Go jump in the ocean

Action begets action.  Progress creates more progress.  

It's inertia; the property in physics that basically says that matter continues in its existing state of rest or motion in a straight line, unless that state is changed by an external force.

Yesterday, I was feeling down.  I had over-reacted to a trivial issue earlier in the day and found myself drowning in maladaptive thoughts shortly after.  I'm becoming aware of a certain sense of stubbornness and narcissism in me that's associated with these episodes.  It's like, somehow in my head, I think that whatever I said or did is the most important thing in the world, and I HAVE to mentally beat myself up because of it.  I also seem to tell myself that no one else can possibly understand the struggle I'm feeling at this particular second, but time and time again, I realize that's not true.

Call it stubbornness, pride, ego, a chain reaction of neural responses based on decades of learned core beliefs and maladaptive behaviors... It is what it is; an unpleasant experience I'm attempting to train my body to react differently to.


Back to yesterday... I was off work, it was about 1pm or so.  I just got off the phone with Jill and was about to take a nap on the couch to try to re-set.  My body felt low energy and my mind weak.  I had a nagging hangover-like headache.

Then I remembered Jill's comment about how beautiful the weather was out.  I thought, "She's right, the weather is great... and I'm laying in a dim apartment filled with ambient TV noise and mindlessly staring at social media..."  

So, I got up, packed a small backpack and walked across the street to the beach.  Two minutes and thirty seconds later, my feet were in the sand.  I found a good resting place and did my daily Headspace meditation.  After a while, I grew restless again, irritated with the impromptu amateur photoshoot that started taking place next to me, I started heading back up the beach.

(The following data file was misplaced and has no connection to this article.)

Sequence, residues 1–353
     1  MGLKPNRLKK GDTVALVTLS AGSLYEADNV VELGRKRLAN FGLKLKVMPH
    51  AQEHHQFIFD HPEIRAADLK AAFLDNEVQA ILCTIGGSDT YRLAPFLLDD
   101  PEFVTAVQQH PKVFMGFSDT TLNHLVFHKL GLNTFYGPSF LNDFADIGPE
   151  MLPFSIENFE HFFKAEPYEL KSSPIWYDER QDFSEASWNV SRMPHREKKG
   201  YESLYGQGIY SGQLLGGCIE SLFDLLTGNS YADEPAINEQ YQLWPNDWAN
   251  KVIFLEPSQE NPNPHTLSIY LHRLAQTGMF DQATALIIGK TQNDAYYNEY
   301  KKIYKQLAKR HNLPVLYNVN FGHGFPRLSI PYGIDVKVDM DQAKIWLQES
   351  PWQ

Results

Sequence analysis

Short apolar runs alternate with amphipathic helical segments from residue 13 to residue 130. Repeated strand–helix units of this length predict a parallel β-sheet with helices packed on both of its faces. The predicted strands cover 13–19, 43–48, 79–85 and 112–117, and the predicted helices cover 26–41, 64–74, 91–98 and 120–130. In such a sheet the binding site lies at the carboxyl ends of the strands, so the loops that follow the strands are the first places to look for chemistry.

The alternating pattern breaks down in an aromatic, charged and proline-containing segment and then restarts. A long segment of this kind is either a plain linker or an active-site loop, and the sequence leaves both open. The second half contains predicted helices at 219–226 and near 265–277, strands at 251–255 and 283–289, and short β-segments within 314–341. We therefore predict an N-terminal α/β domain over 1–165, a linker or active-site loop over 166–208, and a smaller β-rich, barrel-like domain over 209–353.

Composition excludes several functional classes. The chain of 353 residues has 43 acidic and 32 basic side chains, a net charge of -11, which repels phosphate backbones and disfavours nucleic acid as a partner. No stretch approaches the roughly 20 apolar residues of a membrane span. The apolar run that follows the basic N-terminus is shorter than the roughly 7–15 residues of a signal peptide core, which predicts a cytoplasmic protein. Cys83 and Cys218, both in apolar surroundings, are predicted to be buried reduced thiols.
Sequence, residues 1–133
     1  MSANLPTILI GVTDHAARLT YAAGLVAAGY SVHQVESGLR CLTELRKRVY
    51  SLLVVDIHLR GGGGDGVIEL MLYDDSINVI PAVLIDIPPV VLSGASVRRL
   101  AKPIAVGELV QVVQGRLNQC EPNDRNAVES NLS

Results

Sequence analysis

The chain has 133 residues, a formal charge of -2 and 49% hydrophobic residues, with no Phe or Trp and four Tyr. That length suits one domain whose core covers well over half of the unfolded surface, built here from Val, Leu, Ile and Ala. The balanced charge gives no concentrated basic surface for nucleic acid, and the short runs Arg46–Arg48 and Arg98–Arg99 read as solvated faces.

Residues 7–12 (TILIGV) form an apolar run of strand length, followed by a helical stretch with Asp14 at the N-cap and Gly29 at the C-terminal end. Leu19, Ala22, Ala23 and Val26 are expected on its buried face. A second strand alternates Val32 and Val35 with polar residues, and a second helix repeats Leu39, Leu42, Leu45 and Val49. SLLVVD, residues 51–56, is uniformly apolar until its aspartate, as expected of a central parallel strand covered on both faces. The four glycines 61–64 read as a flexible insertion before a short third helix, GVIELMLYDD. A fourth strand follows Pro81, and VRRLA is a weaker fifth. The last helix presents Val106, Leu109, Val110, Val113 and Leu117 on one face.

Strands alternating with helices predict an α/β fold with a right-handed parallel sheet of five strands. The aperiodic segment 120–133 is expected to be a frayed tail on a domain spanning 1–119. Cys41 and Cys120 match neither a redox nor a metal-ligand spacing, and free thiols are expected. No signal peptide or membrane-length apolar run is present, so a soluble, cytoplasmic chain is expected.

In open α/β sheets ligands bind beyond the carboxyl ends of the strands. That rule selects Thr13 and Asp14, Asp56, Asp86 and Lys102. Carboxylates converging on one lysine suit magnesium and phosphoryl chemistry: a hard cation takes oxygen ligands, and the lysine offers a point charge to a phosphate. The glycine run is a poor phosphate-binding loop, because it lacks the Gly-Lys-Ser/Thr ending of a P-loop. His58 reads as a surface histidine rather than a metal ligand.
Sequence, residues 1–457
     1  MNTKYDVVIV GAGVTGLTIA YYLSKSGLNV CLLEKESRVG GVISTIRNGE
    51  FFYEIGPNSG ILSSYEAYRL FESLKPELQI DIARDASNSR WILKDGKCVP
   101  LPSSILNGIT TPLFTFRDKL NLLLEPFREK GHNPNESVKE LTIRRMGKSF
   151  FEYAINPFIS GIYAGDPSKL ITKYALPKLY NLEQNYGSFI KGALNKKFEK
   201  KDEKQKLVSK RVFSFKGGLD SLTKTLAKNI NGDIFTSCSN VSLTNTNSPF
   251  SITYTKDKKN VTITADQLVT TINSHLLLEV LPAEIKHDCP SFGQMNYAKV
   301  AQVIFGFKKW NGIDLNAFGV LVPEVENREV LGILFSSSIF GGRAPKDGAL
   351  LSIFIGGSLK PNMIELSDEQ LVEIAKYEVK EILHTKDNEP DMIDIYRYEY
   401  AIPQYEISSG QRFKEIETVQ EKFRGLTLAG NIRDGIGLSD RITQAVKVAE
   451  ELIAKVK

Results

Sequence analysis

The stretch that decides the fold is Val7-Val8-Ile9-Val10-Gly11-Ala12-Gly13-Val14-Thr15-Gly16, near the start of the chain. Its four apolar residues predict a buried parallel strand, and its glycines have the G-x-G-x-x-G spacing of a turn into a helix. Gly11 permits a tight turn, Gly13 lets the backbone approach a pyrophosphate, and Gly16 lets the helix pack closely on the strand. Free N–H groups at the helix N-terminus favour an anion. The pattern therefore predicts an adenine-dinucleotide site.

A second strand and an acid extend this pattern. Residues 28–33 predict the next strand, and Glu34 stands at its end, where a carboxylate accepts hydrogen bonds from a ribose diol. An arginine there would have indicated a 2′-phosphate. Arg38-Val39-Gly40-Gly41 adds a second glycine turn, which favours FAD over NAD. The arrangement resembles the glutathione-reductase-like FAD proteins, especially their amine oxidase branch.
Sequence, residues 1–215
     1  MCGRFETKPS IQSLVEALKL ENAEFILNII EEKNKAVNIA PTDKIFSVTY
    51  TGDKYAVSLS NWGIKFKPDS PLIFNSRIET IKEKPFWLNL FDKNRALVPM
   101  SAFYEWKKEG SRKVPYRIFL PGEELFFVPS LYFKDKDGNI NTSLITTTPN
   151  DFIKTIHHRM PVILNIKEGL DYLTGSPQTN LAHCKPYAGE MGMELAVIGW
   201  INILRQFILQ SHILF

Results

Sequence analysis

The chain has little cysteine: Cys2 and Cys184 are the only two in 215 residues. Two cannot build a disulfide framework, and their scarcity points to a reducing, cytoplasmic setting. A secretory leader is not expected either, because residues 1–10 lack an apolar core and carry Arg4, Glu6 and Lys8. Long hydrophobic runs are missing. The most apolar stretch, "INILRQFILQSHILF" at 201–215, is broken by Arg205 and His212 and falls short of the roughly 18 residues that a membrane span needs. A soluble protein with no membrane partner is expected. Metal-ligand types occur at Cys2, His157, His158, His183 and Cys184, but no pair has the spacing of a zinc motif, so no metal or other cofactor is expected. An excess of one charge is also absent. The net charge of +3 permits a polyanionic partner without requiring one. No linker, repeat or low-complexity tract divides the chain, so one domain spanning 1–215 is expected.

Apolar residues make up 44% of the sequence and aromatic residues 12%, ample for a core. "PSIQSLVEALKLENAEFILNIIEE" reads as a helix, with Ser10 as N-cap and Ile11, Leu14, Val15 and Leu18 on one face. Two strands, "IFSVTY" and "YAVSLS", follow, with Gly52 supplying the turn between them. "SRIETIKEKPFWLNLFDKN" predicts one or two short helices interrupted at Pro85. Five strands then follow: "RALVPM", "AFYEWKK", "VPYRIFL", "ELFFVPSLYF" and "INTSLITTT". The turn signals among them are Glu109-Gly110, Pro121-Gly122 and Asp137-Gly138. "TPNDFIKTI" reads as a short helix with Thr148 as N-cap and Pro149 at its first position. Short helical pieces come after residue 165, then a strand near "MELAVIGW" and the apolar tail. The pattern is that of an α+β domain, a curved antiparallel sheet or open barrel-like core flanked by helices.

Before heading back, I decided I had to force myself to get in the water fully before heading back.  I did, and it felt great.  It cleared my mind.  For at least a few seconds, all I was thinking about was the water.  The slight fear of stepping on a stingray, the surprise wave coming along and splashing not-yet-wet body parts, laughing at how ridiculous and awkward I probably look, focusing on the sensation of water dripping down from my hair, all of the good feels had taken up that precious front of mind space.  For at least a few seconds, I was happily distracted and the irritations of earlier in the day grew smaller and more distant still.

When I got out and came back, I opted NOT to put on my tank top for the two minute walk from the sand, across the street, through the playground, over the train track to our apartment.  For me, this is a bigger deal than it sounds like.  For someone who grew up a fat kid, being bullied and taunted with nicknames like 'fat matt', the idea of being shirtless anywhere meant anxiety.  I'd avoid it completely.  The fact that I made the conscious choice to do so, and remained calm and mindful through it felt great.

The rest of the day was okay.  There were ups and downs, but I made it through unscathed.  The mental storm has passed, at least for now, and I'm better for having experienced it.


I'm not saying the ocean water and air are actually healing, though they very well could be... my point is, you can't start to feel better unless you are able to create some momentum in the positive direction. The mind is certainly capable of working itself into a fervor, so why not give it something positive to work on?

This is terrifyingly difficult.  But, I believe the more you can make little changes to shift momentum in a positive direction, the more positivity you'll naturally have.  I don't really understand neuroplasticity, but I think this is kind of in line with those theories.

I was too stubborn to think that doing anything other than laying on the couch was the solution. However, I felt a second of doubt in that thought.  That second of doubting my own stubbornness is what led to a second of hope, the beach idea, the meditation, the ocean dip, the self-esteem boost. 

A lot of tiny victories can add up to much much bigger victories. It just takes one to start.  For me, it meant letting go of stubbornness and jumping in the ocean.

Ocean induced smiles are the best smiles

Ocean induced smiles are the best smiles

Inspired by my friend LES, I did some more creative writing of my own yesterday.  I'll add, this was written before the ocean dip yesterday ;)

nothing to say
too much to say
words won’t come
silent I'll stay

the moment’s gone
the storm has passed
the dance resumes
i’ve lost my step

what happens next
you’ll never see
the battle inside
it’s me vs. me

Work & Ego

Remember... It's okay, this will pass